These platforms give politicians access to hugely valuable data about the voters they’re trying to reach. One of the best-known examples of this is how Cambridge Analytica claimed it was able to harvest the data of 50 million US citizens through their Facebook profiles as part of their work for the Donald Trump campaign. Although the rules around this have now been tightened up, the ability to sell information about its users is key to Facebook’s profitability.
While it’s not new that communication is fundamental to political campaigning, the tactics being used on digital platforms are still in their infancy. Campaigns now pay a lot of money for experts who can develop strategies for microtargeted ads, which design messages specifically aimed at a group of voters (segmented via the data that is bought from the platforms themselves or off-the shelf audiences from data brokers).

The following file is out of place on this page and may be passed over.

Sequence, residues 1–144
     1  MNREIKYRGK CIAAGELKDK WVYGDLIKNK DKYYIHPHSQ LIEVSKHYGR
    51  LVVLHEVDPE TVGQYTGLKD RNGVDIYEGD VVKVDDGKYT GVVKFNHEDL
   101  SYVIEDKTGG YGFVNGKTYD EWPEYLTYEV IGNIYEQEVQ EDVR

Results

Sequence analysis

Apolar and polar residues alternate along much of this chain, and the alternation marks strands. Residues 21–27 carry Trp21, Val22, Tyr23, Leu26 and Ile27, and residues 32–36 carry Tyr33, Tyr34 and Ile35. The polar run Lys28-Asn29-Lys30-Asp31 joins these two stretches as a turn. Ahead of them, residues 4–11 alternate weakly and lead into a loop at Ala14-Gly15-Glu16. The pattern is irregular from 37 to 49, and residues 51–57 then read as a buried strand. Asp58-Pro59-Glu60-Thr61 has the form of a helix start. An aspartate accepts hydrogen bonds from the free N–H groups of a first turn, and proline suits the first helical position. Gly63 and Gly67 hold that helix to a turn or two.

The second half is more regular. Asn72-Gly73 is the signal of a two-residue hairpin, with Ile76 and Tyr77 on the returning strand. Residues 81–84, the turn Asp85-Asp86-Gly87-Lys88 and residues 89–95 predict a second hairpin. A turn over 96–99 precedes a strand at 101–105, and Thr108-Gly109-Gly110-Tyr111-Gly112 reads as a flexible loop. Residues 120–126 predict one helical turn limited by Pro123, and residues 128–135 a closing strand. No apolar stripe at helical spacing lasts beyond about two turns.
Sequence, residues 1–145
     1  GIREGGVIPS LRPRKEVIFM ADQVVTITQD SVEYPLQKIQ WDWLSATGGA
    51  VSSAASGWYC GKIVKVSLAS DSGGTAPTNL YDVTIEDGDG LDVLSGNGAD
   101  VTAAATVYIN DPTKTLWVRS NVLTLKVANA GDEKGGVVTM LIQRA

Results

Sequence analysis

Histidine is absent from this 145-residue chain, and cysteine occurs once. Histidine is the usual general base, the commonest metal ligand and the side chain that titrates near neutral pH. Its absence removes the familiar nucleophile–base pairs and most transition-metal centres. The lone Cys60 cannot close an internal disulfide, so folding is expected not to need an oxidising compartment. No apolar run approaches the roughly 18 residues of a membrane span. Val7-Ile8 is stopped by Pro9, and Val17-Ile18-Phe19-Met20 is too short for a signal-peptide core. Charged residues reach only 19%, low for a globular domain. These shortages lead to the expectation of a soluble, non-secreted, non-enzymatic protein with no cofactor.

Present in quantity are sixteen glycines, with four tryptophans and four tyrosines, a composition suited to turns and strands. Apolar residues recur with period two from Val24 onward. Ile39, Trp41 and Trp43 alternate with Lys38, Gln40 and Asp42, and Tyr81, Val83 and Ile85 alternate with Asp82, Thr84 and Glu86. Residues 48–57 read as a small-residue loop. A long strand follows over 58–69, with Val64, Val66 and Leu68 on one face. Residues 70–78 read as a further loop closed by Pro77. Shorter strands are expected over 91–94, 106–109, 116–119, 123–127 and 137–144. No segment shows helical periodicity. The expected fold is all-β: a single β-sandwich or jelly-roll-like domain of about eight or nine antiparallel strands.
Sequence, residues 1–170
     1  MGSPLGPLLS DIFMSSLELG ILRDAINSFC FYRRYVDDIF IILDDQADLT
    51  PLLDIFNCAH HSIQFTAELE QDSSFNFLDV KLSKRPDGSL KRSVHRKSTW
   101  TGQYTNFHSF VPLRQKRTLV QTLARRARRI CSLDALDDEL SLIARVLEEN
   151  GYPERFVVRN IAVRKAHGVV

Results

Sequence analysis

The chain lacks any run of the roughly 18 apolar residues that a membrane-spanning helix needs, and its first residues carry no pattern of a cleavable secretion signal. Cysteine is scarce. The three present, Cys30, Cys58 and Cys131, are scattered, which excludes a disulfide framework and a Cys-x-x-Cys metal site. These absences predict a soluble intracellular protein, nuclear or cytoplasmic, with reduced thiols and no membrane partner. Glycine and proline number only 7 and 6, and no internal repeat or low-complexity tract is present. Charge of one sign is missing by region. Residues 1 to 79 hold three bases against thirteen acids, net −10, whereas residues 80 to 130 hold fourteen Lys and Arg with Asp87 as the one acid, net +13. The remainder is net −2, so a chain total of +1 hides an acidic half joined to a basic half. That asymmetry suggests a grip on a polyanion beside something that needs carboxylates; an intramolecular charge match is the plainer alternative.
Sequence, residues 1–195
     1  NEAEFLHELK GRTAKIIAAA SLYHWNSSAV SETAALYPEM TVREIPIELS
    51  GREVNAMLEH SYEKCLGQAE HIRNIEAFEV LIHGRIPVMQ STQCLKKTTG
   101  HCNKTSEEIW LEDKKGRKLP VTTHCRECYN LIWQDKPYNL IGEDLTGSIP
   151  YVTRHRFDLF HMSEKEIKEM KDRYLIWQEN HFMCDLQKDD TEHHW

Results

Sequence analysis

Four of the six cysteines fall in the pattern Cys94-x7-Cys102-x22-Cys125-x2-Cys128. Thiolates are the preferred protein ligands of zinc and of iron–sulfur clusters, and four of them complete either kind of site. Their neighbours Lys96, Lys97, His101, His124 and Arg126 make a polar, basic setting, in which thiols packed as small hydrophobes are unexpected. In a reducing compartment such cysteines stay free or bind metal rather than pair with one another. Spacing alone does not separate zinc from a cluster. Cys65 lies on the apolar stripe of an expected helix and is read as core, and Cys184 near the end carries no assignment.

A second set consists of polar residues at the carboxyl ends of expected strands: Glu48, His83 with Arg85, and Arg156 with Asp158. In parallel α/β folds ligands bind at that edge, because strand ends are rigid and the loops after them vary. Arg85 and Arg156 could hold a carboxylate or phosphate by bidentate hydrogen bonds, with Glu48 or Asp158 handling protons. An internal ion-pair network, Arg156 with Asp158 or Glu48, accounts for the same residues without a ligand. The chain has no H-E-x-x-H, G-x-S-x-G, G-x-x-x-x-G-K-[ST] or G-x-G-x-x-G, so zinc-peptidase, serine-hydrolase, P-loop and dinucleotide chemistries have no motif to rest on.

Trump’s digital leads credit their social media strategy with securing his Presidency in 2016. They claim, from 2014 onwards, they would be running between 40,000 to 50,000 variants of their adverts on Facebook each day, testing how they performed in different formats and with slightly different messages aimed at different voter groups. On the day of the third presidential debate in October 2016 - as the traditional media raged about the Access Hollywood tapes - Trump’s campaign was running 175,000 variations of a ‘Crooked Hillary’ message on Facebook.
So, as much as new technology offers many new positive ways for reaching voters, it also increases the risk of the process being distorted. For example, by targeting specific segments of the population to suppress their vote, spreading misleading and inflammatory statements or doctoring material via ‘deepfakes’ to undermine political opponents. And now, as the COVID pandemic changes so many aspects of our lives, some States in the US are pushing for online voting for November’s Presidential election, which raises new risks of interference. The UK’s long-awaited report into Russian interference found that despite the central role played by social media companies in elections, they “are failing to play their part” in addressing threats to democracy.